Don Giovanni, Opera by W. A. Mozart
On 29 October 1787, the audience at Prague's National Theatre (today’s Estates Theatre) was treated to a light-hearted opera premiere that gradually took a descent quite literally into hell – and they loved it. Injecting the story of the famous fictional libertine with his usual wit and musical inventiveness, Wolfgang Amadeus Mozart crafted Don Giovanni to entertain as well as shock. This season, the famous opera will do the same on the stage of the Gran Teatro La Fenice in Venice.
Mozart had enjoyed splendid success in Prague with his previous opera, The Marriage of Figaro, and he was quick to receive another commission from the National Theatre there. He decided to collaborate once more with librettist Lorenzo Da Ponte, even though the Italian was currently drowning in other assignments. To save some time, Da Ponte proposed adapting the story of Don Juan, the infamous fictional Spanish libertine and womaniser. Tickled by the story's immoral streak, Mozart gladly accepted.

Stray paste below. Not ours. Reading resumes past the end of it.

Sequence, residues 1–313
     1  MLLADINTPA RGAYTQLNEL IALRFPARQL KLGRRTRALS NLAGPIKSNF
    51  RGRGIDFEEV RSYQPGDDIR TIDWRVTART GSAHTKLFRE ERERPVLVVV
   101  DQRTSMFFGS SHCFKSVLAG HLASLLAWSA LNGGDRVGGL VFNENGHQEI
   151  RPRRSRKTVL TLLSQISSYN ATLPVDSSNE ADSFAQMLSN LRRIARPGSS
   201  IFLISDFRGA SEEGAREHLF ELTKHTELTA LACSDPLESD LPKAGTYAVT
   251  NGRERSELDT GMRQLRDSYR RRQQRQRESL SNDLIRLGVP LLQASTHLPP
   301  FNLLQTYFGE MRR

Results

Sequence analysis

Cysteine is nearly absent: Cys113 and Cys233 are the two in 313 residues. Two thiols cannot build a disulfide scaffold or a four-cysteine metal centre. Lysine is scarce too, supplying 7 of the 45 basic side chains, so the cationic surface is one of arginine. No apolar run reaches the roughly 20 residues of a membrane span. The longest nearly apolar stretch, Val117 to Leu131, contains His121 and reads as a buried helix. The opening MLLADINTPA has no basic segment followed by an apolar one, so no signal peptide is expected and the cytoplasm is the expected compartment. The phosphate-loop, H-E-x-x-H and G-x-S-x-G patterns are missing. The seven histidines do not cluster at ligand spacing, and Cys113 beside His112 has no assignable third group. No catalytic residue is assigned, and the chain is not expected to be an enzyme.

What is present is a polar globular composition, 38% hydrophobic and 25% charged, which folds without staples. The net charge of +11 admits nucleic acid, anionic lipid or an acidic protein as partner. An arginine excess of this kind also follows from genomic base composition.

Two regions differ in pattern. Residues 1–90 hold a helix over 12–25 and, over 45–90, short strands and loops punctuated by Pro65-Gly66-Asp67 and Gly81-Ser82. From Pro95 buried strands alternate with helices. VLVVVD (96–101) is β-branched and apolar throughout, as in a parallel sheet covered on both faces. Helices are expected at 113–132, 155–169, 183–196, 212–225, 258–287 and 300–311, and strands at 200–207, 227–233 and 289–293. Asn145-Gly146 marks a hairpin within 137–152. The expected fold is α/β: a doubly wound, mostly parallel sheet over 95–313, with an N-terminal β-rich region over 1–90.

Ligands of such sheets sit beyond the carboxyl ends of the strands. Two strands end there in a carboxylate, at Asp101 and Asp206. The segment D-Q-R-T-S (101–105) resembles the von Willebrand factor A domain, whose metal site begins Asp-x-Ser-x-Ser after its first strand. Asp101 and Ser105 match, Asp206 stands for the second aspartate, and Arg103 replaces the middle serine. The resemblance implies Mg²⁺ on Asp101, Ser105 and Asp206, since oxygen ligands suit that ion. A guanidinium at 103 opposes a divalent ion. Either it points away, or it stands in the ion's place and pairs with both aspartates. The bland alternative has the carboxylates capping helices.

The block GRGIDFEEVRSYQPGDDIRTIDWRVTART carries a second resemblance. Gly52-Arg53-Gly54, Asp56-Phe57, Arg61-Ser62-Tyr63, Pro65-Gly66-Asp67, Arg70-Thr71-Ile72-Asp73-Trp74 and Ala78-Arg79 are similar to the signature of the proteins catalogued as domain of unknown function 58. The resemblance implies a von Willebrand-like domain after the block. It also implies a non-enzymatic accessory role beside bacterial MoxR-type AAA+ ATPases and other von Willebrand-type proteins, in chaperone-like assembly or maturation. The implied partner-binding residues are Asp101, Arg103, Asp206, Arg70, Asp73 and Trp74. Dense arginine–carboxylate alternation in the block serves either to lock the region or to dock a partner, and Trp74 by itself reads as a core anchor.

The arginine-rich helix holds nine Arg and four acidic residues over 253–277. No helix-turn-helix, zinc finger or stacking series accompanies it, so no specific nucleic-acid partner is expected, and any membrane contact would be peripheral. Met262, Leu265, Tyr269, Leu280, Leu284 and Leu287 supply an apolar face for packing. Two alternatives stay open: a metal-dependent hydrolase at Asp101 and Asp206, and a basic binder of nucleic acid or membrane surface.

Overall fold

It is difficult to classify Don Giovanni. Mozart dubbed it an opera buffa, while Da Ponte characterised it as dramma giocoso, or a 'dramedy' by contemporary standards. In reality, the opera presents a journey from fun and adventure into the gradual realisation that all actions have consequences. The story culminates with Don Giovanni's descent into hell where he must pay for his past frivolities and transgressions.
Only a musical genius like Mozart could deliver such a wide and varied musical arc, and he did so splendidly. In Don Giovanni, the music is as integral to the action and the humour as the underlying text. For instance, in the famous catalogue aria of Act I ('Madamina, il catalogo è questo'), where the servant Leporello enumerates Don Giovanni's female conquests, petite women's descriptions are punctuated with shorter notes, while taller or grander ladies are introduced by longer tonal durations.
Mozart uses musical metaphor adeptly to demonstrate Don Giovanni's seductive technique, too: in the duet 'Là ci darem la mano', the alternating verses slowly morph into a duet harmony to indicate the suitor winning over his object of attraction. Towards the end, these clever musical devices give way to a bombastic, dark finale, easily Mozart's darkest operatic music, against which a statue come to life delivers Don Giovanni straight to hell. Goosebumps guaranteed!